James Wan is back in the horror game. Carrying his "Aquaman" clout straight into the bonkers genre project that he's seemingly always longed to do, the "Insidious" director has returned to the horror game with a big swing in the form of "Malignant." In a chat with Bloody Disgusting, Wan credits a handful of Italian and horror-centric directors, calling his latest "my version of a Giallo." He applies an apt metaphor to elaborate:
"The best way I describe 'Malignant' is, growing up in the late '80s and '90s when I would go to the video store — when video stores were still around — we would go to the video store. I would go all the way to the back of the video store to the horror section because that's where they usually keep the horror section. They were too embarrassed to have it upfront. And then, once I get to that section, I would venture even deeper into the horror section, into the back shelves, and take down a video cover that I've never seen before, but the cover was so cool. I don't know what the movie is. That is how I describe 'Malignant.' 'Malignant' is that movie that I take from the back shelves."
Having beheld it in the merciful A/C of my local movie theater on a sweltering, triple-digit weekend, I can gleefully confirm that Malignant is indeed that back shelf type of movie. But what if you've never ventured that far into the corners of that mom-and-pop video shop, or (my condolences) the video store died long before you had a chance to browse its aisles? We've got you covered! Longtime horror fans have probably seen most of these. But if nothing else, this should prompt a revisit before dusting off the Letterboxd app.
If you're not a longtime horror fan but you want more of the theatre bizarre that Wan taps into, welcome and read on.
Where To Stream: Shudder, AMC+, TubiTV
The best recommendation will come straight from the horse's mouth, and so we'll turn back to Bloody Disgusting where the Australian writer-director name-drops Dario Argento and one of his most "out-there" films, "Phenomena." Perhaps during your "Malignant" screening, you heard Joseph Bishara's strings and synth-heavy score alongside the increasingly unsettling visuals, and you leaned forward in your seat. If those vibes hit you right, then you'll want to check out Dario Argento's mid-career 1985 effort.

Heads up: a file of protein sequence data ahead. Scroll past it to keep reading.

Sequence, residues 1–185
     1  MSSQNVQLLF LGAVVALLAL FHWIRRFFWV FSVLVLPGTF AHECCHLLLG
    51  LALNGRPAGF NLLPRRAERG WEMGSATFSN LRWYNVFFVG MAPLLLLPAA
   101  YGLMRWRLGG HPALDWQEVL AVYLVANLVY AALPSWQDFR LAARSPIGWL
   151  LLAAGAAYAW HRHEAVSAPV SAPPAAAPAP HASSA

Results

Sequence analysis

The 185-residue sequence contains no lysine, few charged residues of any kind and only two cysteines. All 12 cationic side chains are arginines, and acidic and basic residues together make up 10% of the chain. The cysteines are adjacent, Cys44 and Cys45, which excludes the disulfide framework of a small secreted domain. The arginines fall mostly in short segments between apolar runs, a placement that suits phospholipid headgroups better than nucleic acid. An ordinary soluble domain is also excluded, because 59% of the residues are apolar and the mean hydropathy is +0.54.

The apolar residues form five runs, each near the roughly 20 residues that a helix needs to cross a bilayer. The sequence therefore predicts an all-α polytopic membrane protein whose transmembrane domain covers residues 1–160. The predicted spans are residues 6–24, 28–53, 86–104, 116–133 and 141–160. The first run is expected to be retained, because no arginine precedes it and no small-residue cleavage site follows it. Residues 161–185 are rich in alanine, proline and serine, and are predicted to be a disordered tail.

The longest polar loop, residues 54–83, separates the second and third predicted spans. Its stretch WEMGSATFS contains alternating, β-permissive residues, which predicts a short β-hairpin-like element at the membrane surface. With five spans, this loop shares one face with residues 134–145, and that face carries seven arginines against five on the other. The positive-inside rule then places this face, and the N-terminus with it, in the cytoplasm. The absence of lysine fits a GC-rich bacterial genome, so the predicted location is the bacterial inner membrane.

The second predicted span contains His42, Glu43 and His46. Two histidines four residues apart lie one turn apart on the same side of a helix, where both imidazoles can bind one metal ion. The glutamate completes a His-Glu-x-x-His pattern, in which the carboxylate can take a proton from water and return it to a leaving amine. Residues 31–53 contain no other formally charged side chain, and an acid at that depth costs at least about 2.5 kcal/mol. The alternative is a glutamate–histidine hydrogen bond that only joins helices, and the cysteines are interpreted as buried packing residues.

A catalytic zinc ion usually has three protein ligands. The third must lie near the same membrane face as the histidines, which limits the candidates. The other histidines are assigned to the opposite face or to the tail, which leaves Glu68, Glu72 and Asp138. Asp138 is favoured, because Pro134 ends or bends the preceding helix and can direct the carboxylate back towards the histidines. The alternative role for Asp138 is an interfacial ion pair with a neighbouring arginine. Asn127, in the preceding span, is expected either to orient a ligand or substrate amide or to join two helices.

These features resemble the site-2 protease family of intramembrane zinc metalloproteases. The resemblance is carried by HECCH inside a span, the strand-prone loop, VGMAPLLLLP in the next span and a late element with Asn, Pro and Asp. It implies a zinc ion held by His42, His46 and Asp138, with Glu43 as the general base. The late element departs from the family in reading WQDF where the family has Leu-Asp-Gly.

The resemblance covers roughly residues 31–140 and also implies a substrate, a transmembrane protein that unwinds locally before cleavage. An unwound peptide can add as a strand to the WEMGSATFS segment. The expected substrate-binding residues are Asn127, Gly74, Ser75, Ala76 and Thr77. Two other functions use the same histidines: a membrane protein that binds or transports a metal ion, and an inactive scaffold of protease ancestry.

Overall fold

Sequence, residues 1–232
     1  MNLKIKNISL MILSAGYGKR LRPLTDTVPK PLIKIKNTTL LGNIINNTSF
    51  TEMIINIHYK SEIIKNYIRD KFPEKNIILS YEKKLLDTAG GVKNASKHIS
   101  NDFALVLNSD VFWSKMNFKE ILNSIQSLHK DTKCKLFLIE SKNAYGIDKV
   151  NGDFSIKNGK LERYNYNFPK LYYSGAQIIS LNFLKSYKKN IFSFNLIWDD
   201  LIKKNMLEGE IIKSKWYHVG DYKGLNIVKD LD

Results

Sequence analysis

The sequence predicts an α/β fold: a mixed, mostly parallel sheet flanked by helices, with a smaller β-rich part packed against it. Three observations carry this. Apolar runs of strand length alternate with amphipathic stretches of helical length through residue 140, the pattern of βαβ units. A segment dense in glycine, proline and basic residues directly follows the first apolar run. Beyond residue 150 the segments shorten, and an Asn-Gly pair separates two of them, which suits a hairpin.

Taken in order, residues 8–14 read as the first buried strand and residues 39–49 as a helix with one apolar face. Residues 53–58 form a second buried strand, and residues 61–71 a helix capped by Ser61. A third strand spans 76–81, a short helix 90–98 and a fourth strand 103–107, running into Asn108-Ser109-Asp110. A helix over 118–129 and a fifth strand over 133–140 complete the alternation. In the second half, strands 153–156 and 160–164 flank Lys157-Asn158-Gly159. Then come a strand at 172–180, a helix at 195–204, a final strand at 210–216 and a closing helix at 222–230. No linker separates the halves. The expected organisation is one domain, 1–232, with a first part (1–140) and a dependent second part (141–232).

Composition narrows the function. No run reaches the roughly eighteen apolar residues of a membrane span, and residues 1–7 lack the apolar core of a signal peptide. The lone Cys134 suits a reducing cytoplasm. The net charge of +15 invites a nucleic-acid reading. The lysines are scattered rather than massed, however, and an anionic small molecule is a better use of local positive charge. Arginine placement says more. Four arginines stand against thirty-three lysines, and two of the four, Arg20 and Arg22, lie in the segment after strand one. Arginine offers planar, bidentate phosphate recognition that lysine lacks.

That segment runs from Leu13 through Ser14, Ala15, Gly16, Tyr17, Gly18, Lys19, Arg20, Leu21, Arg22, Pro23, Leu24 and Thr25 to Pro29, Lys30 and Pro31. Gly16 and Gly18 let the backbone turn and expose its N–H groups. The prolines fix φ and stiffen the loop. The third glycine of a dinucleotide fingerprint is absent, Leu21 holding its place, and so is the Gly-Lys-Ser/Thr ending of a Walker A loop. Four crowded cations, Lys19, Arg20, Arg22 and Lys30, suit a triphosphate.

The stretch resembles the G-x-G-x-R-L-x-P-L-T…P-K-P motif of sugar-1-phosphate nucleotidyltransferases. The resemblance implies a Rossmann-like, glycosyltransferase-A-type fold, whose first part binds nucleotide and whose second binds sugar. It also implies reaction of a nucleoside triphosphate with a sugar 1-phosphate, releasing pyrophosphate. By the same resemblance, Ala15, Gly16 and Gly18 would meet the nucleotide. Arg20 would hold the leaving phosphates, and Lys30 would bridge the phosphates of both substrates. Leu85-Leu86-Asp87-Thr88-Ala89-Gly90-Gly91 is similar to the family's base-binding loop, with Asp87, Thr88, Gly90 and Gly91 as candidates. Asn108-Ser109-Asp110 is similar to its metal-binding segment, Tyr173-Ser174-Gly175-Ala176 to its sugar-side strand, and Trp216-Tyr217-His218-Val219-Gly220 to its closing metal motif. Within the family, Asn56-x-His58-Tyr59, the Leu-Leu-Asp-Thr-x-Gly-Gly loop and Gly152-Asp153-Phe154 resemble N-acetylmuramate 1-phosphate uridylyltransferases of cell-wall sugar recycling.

"Phenomena" follows a young woman, played by Jennifer Connelly ("The Labyrinth," "Requiem For A Dream"), at a boarding school who realizes that she has psychic powers, and uses them to track down a killer. Neither this nor the synopsis of "Malignant" — "Madison is paralyzed by shocking visions of grisly murders, and her torment worsens as she discovers that these waking dreams are in fact terrifying realities," according to IMDb — adequately showcase the insanity of each film's third act, but the two share striking macabre imagery, choice needle drops, and arresting compositions.
A note: a truncated cut of the film with the alternate title of "Creepers" is floating around. That's generally not the one you want. You want the near-two-hour runtime of "Phenomena," the one with a chimpanzee and bug minions and all of the weird goodies that make the normies flee from the theater.
For further viewing: Argento's "Opera" (1987), and Lamberto Bava's "A Blade in the Dark" (1983).
Where To Stream: Hulu
Wan has done this before, you know. Some of his past works don't drip-feed the tension so much as they strap you in and tell you to hold onto your butts.
On the action side of things, Wan's "Death Wish" riff "Death Sentence" from 2007 carries unforgiving energy with every sawed-off shotgun blast, while "Dead Silence" opts to ratchet up the moody Hammer Horror atmosphere alongside its increasingly absurd premise: a creepy ventriloquist doll might be connected to a growing number of deaths in a small town. Wan and co-writer Leigh Whannell churned this out on the heels of their success with "Saw," and both purport to have had a negative studio experience with "Dead Silence." Despite the experience, Wan's zealous fingerprints cover the over-the-top climax of "Malignant" in a similar fashion and refuse to let go until you've got ample nightmare fuel, whether it's a backward-running assassin or a body missing a tongue.